King Leopold's Ghost Book Review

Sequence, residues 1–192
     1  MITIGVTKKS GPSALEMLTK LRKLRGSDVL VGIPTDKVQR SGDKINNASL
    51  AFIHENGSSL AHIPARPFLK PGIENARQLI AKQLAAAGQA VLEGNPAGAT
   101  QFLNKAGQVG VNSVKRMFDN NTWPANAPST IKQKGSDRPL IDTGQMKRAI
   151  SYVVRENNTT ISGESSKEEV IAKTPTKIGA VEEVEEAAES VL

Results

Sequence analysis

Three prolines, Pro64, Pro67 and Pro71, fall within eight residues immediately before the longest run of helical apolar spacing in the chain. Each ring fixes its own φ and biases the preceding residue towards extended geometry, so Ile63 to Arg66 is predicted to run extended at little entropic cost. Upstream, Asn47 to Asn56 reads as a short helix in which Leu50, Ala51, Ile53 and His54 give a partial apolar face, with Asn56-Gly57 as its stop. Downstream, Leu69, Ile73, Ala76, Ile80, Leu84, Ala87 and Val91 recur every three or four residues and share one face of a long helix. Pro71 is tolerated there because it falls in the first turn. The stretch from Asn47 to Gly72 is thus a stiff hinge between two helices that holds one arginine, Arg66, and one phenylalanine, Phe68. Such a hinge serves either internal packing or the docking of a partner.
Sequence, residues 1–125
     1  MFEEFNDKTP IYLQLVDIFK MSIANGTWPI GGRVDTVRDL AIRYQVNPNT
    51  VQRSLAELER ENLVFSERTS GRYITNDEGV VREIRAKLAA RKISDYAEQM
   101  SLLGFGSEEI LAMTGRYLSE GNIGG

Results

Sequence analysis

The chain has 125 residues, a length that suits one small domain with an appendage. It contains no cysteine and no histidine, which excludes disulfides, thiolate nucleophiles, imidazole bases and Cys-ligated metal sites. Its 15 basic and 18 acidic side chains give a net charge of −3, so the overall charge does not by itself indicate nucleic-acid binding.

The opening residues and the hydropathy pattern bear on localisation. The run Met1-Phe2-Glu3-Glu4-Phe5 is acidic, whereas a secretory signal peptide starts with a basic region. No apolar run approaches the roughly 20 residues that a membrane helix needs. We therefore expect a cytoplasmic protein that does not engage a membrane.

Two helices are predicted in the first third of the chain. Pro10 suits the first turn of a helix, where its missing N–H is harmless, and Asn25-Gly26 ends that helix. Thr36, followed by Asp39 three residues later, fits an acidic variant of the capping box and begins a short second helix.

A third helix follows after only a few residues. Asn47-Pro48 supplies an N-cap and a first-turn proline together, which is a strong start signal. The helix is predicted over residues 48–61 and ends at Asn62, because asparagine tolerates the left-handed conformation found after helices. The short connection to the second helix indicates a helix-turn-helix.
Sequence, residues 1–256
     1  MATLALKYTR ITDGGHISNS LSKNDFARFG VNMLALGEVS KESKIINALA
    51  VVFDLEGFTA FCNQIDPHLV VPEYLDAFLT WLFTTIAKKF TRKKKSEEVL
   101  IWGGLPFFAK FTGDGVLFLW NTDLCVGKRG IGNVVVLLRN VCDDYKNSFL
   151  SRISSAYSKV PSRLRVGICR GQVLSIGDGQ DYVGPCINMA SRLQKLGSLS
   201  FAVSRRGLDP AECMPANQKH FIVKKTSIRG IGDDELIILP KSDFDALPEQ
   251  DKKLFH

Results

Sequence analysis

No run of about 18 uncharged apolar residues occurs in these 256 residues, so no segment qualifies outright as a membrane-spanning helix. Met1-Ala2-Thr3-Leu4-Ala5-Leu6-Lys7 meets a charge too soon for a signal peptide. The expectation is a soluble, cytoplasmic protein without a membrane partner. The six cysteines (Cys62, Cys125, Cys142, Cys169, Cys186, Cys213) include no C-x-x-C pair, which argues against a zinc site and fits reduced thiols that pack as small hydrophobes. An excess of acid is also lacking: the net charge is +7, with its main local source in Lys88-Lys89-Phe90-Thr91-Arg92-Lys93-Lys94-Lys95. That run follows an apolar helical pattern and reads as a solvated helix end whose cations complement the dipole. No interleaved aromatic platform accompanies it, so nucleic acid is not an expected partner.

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Adam Hochschild, King Leopold’s Ghost: A Story of Greed, Terror, and Heroism in Colonial Africa (New York: Houghton Mifflin Company, 1999). Review submitted by: Abigail Wagoner History 103, Sec. 216 January 31, 2014 Adam Hochschild, the author of King Leopold’s Ghost, is a well-known writer whose main job is that of journalism. However, when Hochschild was a college student, he spent time in South Africa which led him to begin writing books about difficult periods in history. He has since then written five books and, in 2012, received an award from the American Academy of Arts and Letters. King Leopold’s Ghost, which deals with the Belgian colony of the Congo, and the horrors of Leopold’s reign, is Hochschild’s most notable and famous novel. Throughout the book, it is evident that Hochschild thoroughly researched the subject material about which he wrote, particularly the beginning of the Belgian entrance into the Congo. He takes time to delve into the explorations of Henry Stanley that were funded by King Leopold and explain how and why Leopold wanted to use Stanley to gain access to the Congo. Hochschild reveals that Stanley’s true purpose in going to the Congo was to build roads that the king would use to transport the riches of the African heartland, but that “Leopold was intent that they be seen as nothing more than philanthropy.” (14) This was typical of European ideology at the time that Europeans would enter African nations at will and justify their presence with the notion that they were bringing culture to a dark, savage land. Therefore, while one may see Hochschild as harsh and blunt when discussing the dealings of King Leopold, he is actually accurately portraying the common mindset of the time: Europeans believed they had a right to the land and people of Africa. King Leopold’s Ghost is divided into two major themes

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